Business

House building growth placing new pressure on labour and supply chains

A quarter of Northern Ireland respondents reported a rise in workloads in quarter two, driven by private residential sector construction
Gary McDonald Business Editor

THE north's construction supply chain has struggled over the last three months to keep up with increasing new housing and infrastructure development, a report says.

And with skills shortages pushing up wages and material shortages leading to spiralling costs, respondents in the latest Rics/Tughans NI Construction and Infrastructure Monitor say they expect profit margins to continue to be squeezed over the next year.

The report, covering April, May and June, found that while workloads showed strong growth, there were problems reported with the cost of materials and shortage of staff to deliver projects.

A quarter of all Northern Ireland respondents reported a rise in workloads in quarter two, driven by private residential sector construction.

Infrastructure works also saw a big jump over the period, with a 83 per cent reporting an increase (up from 50 per cent in the previous quarter).

While respondents indicated the construction sector is now broadly recovering well from the pandemic, constraints on the market's return to normality were also becoming apparent.

Four in five (82 per cent) of respondents pointed to a shortage of materials hampering the market. And the cost of materials is expected to increase by 10 per cent over the next 12 months, with these projections running ahead of the 7 per cent growth anticipated for tender prices.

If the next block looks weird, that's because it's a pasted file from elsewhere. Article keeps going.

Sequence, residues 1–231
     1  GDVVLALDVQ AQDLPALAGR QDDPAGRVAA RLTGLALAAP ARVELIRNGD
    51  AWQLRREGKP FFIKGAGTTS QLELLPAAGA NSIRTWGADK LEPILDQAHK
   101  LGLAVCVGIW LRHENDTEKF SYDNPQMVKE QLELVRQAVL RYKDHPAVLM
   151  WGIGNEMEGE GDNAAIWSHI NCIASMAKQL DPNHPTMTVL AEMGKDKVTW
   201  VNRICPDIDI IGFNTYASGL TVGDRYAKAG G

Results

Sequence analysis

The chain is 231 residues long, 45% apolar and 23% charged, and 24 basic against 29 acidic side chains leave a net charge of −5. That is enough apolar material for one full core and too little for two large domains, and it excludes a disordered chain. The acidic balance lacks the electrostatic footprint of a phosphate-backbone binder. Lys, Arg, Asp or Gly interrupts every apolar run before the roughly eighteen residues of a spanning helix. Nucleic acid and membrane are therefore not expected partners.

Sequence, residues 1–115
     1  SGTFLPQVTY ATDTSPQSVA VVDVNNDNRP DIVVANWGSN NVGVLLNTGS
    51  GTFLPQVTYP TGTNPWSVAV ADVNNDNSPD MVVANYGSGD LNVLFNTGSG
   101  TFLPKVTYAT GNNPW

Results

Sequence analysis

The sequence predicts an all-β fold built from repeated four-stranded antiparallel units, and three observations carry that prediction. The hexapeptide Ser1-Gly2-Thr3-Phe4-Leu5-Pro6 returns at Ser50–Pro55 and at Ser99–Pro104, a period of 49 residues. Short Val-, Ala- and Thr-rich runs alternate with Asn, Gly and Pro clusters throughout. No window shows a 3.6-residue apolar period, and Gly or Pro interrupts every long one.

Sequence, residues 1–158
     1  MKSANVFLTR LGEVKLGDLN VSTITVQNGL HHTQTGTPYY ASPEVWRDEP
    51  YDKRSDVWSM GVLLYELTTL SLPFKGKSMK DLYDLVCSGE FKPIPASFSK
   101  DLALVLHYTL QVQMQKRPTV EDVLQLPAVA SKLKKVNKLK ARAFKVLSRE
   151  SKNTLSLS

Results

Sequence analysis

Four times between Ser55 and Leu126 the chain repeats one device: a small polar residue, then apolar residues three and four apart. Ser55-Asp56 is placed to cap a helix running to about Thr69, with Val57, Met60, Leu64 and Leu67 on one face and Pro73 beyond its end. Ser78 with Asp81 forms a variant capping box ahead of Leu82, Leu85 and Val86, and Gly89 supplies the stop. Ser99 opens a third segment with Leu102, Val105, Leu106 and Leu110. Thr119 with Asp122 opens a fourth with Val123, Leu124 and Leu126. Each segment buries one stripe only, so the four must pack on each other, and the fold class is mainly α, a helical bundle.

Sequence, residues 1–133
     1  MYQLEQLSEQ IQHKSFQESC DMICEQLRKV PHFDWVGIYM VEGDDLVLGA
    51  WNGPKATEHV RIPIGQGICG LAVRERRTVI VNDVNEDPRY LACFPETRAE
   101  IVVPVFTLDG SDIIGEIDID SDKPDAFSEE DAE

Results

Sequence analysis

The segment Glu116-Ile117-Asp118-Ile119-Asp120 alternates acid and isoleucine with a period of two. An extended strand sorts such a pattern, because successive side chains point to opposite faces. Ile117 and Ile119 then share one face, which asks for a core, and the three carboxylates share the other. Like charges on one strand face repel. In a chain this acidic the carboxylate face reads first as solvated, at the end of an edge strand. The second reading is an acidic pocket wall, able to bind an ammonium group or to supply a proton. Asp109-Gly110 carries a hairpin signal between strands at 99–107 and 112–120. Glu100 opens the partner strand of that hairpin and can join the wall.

The latest survey also picked up concerns around labour shortages both for skilled labour and ‘white-collar' roles. Some 64 per cent of respondents said a lack of quantity surveyors will limit new activity while there were also increasing skills shortages reported in trades such as bricklayers.

Rics NI construction spokesman Jim Sammon said: “It's encouraging that workloads have continued to grow and expectations are for ongoing growth, albeit that workload expansion in Northern Ireland is being reported at a lower levels than elsewhere in the UK.”

Michael McCord, senior partner at Tughans, added: “With the demand for housing, it's no surprise building activity is recording strong growth. Even more significantly for the economy is the strong growth in infrastructure activity, which will support the recovery and enhance Northern Ireland's competitiveness for the longer-term.”

Enjoy reading the Irish News?

Subscribe now to get full access